Download A Shortcut Through Time: The Path to the Quantum Computer by George Johnson PDF

By George Johnson

During this remarkably illustrative and carefully available examine the most exciting frontiers in technology and pcs, award-winning ny occasions author George Johnson finds the attention-grabbing international of quantum computing—the holy grail of tremendous pcs the place the computing energy of unmarried atoms is harnassed to create machines able to nearly incredible calculations within the blink of an eye.As computing device chips proceed to scale back in dimension, scientists expect the tip of the line: a working laptop or computer within which every one swap is constituted of a unmarried atom. this kind of gadget might function below a unique set of actual legislation: The legislation of quantum mechanics. Johnson lightly leads the curious outsider throughout the strangely easy principles had to comprehend this dream, discussing the present country of the revolution, and eventually assessing the impressive energy those machines may have to alter our global.

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The result was a mechanical claw that combed its way through the Tinkertoy database feeling for a match. When the pattern of Tinkertoy spools on one of the memory spindles meshed with the pattern on the input stick, the latter would rotate. This action caused an output contrap­ tion, called a "duck," to swing down, p ecking at the number of the cell in which the computer wished to make its mark. Both Tinkertoy computers, the earlier version and the later one, embody the same abstract idea: Information can be repre­ sented by anything that can reside in one of two distinct states­ a switch turned on or off or a Tinkertoy that is here or there.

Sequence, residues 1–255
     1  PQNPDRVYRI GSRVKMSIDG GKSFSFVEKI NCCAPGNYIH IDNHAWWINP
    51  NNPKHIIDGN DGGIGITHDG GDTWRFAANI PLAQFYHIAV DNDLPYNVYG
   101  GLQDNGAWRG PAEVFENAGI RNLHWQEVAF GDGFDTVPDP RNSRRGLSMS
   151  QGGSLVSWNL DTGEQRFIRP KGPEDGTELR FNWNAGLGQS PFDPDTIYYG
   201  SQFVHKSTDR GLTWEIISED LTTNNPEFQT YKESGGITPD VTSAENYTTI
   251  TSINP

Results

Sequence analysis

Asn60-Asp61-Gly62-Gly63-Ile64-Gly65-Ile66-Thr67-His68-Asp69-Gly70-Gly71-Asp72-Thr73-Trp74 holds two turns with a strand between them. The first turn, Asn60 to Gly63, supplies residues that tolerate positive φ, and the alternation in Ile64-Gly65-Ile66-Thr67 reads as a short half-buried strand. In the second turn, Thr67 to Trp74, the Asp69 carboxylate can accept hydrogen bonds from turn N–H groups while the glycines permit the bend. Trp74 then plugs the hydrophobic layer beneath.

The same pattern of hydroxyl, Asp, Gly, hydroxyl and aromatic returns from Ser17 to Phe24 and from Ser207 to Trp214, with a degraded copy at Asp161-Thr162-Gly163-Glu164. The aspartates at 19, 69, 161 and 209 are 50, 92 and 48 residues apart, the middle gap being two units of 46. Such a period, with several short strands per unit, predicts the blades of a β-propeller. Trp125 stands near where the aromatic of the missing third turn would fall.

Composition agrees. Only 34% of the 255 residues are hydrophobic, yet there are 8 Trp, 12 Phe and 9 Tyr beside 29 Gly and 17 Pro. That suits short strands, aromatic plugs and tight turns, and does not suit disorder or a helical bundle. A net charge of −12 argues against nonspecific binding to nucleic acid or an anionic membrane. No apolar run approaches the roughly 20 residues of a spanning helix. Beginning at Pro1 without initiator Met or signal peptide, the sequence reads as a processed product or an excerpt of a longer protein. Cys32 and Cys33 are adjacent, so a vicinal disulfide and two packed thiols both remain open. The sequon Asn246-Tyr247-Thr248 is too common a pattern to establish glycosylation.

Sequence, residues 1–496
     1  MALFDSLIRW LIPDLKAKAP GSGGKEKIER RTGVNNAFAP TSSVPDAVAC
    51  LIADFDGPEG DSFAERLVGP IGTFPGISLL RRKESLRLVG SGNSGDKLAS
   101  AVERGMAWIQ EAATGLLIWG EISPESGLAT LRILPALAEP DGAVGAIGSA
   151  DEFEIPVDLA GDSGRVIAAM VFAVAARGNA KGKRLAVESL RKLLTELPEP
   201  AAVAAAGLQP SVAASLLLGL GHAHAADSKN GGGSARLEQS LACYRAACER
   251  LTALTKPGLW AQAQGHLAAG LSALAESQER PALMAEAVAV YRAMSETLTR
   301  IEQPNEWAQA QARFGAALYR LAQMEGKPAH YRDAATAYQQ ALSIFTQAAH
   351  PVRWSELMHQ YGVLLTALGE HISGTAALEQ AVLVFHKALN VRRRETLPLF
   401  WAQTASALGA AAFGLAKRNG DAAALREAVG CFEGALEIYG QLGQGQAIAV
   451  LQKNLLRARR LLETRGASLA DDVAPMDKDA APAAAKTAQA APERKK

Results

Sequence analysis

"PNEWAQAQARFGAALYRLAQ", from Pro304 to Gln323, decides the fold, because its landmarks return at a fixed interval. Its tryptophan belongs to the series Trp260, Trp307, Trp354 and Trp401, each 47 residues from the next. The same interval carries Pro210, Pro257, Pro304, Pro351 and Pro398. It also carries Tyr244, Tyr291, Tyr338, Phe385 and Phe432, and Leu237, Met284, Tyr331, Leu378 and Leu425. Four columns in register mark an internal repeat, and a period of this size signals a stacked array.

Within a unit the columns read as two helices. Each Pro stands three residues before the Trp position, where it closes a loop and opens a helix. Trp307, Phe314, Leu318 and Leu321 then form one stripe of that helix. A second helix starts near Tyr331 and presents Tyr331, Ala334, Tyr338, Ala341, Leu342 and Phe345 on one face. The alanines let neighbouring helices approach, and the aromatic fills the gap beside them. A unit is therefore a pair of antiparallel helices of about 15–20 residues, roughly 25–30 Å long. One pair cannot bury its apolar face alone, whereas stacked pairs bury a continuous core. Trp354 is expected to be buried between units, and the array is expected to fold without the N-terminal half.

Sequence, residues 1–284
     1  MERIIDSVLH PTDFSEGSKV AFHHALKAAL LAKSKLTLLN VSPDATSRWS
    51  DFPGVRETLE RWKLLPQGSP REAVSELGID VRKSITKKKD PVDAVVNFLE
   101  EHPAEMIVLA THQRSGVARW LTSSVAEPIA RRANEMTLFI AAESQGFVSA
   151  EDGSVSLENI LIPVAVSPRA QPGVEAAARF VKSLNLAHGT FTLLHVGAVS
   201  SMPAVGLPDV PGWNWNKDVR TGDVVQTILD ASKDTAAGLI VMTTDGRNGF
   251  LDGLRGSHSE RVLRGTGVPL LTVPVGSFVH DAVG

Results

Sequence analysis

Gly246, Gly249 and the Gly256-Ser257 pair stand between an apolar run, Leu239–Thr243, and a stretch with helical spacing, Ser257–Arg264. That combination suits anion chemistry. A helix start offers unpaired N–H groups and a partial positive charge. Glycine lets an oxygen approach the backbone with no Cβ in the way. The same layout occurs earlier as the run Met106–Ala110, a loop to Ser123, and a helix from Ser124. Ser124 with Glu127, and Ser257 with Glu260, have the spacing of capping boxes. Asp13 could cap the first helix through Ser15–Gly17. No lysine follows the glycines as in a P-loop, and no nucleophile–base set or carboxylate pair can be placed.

The old notions of computation begin to crumble, and we're no longer playing with Tinkertoys. I confess that, on the deepest level, I find quantum mechanics hard to swallow. I know I'm not alone. The brain was molded by evolution to guide people through a world of objects made from many atoms, so many that the weird quantum effects are not evident. Things appear to be either here or there, spinning this way or that. Whatever progress can be made in grasping how opposites can coexist on the atomic realm comes from acknowledging the narrowness of the human point of view.

It is definitively on or off. We don't need to worry about the switch being in quantum limbo. The result is an obediently deterministic contraption that can be used to simulate other deterministic contraptions: the mechanical motion inside a gasoline engine, the patterns of traf­ fic in a city, or the workings of another computer. In fact, given enough memory and time, any computer can simulate any other computer. This is one of the deepest principles of computer sci­ ence. An ancient Radio Shack or Apple with a cassette tape drive for a memory can mimic a supercomputer like Q.

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